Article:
US commander in rare visit to nuclear-armed submarine in Arabian Sea

Gen Erik Kurilla's tour comes amid heightened tensions with Iran over drones supplied to Russian forces in Ukraine

General Erik Kurilla, commander of Centom, conducted a visit aboard the USS West Virginia, a US Navy Ohio-class nuclear-powered ballistic missile submarine at an undisclosed location at sea in international waters in the Arabian Sea. Photo: US Central Command
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The top US military commander for the Middle East boarded a US ballistic missile submarine in the Arabian Sea on Wednesday, in a rare move highlighting US nuclear undersea capabilities during tense times with Iran and Russia.

Gen Erik Kurilla was shuttled out to the USS West Virginia and was aboard for about eight hours, as the submarine rose to the surface in an undisclosed location in international waters.

The West Virginia is one of the US Navy’s Ohio-class long-range submarines, known as boomers.

Ohio-class submarines form one part of the US's nuclear triad — along with US Air Force strategic bombers and intercontinental ballistic missiles.

They are equipped with Trident II D-5 missiles and considered a key strategic deterrent.

The US seldom advertises the location of its nuclear-powered submarines and rarely has them patrolling in the Middle East.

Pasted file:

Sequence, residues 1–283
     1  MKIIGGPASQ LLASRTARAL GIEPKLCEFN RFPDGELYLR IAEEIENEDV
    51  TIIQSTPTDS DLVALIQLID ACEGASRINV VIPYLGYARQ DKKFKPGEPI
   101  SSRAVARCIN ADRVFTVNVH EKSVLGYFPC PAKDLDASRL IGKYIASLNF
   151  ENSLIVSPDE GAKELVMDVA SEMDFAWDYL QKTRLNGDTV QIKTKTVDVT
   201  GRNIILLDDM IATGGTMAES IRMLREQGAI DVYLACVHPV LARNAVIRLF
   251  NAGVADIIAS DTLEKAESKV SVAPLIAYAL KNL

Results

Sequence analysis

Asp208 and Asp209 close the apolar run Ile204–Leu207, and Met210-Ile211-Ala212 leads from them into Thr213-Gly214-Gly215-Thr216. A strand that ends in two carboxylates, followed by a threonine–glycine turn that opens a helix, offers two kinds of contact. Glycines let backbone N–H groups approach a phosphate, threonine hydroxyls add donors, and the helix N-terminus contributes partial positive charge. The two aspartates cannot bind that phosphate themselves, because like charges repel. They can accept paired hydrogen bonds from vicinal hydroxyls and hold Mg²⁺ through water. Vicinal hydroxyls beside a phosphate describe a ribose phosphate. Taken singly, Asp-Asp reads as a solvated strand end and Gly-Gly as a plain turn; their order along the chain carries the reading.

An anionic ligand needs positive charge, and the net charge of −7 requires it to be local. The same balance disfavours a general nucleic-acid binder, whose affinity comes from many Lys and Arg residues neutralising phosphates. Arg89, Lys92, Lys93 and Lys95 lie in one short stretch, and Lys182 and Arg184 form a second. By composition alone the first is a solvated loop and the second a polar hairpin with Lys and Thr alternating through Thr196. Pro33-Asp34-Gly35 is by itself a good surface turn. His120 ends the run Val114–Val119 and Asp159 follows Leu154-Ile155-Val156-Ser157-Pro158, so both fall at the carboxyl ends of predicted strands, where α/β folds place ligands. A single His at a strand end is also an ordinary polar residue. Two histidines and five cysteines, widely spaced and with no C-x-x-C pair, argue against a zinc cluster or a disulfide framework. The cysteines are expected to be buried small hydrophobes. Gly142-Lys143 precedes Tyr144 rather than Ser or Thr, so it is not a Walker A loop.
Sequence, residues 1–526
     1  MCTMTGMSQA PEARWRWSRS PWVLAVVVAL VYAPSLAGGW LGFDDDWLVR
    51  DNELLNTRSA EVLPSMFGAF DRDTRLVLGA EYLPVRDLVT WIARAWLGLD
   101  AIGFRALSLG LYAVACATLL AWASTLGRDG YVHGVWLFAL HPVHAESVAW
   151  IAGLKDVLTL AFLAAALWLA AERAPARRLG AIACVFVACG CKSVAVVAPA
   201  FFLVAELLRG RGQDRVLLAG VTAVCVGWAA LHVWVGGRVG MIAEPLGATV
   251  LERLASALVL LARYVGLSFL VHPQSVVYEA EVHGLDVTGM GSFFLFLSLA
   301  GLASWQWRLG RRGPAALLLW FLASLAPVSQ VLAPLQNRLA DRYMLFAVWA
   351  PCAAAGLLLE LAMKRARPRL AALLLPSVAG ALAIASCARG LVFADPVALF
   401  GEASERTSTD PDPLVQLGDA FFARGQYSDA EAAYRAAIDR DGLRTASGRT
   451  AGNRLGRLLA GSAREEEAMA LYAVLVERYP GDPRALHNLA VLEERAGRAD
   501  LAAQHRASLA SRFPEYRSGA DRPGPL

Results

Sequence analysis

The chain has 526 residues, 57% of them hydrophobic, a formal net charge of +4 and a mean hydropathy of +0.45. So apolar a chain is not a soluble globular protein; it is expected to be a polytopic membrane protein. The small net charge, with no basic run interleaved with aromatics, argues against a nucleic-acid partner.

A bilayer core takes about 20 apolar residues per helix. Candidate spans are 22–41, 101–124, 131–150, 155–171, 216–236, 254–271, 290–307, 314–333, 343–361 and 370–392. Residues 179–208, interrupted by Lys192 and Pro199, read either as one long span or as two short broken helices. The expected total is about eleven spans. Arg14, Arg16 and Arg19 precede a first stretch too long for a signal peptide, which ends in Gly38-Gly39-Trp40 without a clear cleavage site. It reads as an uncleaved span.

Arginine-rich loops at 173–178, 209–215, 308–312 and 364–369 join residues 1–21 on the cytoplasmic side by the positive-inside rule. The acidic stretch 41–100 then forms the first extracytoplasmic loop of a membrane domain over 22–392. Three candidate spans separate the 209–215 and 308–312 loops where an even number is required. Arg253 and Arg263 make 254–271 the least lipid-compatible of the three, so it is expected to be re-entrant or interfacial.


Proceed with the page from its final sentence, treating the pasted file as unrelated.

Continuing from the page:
On Wednesday, US Central Command said Gen Kurilla met with Vice Admiral Brad Cooper, commander of the US Navy’s Fifth Fleet, on the submarine.

It said Gen Kurilla was given a “hands-on demonstration of the capabilities of the vessel”.

“These submarines are the crown jewel of the nuclear triad and the West Virginia demonstrates the flexibility, survivability, readiness and capability” of the US forces at sea, Mr Kurilla said.

This visit comes as Russian President Vladimir Putin has threatened to use nuclear weapons, as his forces lose ground in the war in Ukraine.

Iran, which is in the Central Command region, has become involved in the war, supplying drones that Russia has been using to strike targets in Ukraine, including power plants and other key infrastructure, as well as residential buildings.

While visits to submarines are rare, Central Command leaders have often toured US Navy ships in the waters around the Middle East — including aircraft carriers that were routinely sent as a deterrent to Iran.

Since wars in Iraq and Afghanistan have ended, the US Navy has not had a regular carrier presence in the region.

Gen Kurilla’s submarine tour also came as Nato began its long-planned annual nuclear exercises in north-west Europe.

Fourteen of Nato’s 30 member countries were scheduled to take part in the exercises, conducted around the same time every year for about a week.

The drills involve fighter jets capable of carrying nuclear warheads, but do not involve any live bombs. US long-range B-52 bombers are taking part in the exercises.

Russia usually holds similar nuclear force exercises this month, and those are expected to begin soon.

Updated: October 20, 2022, 12:00 PM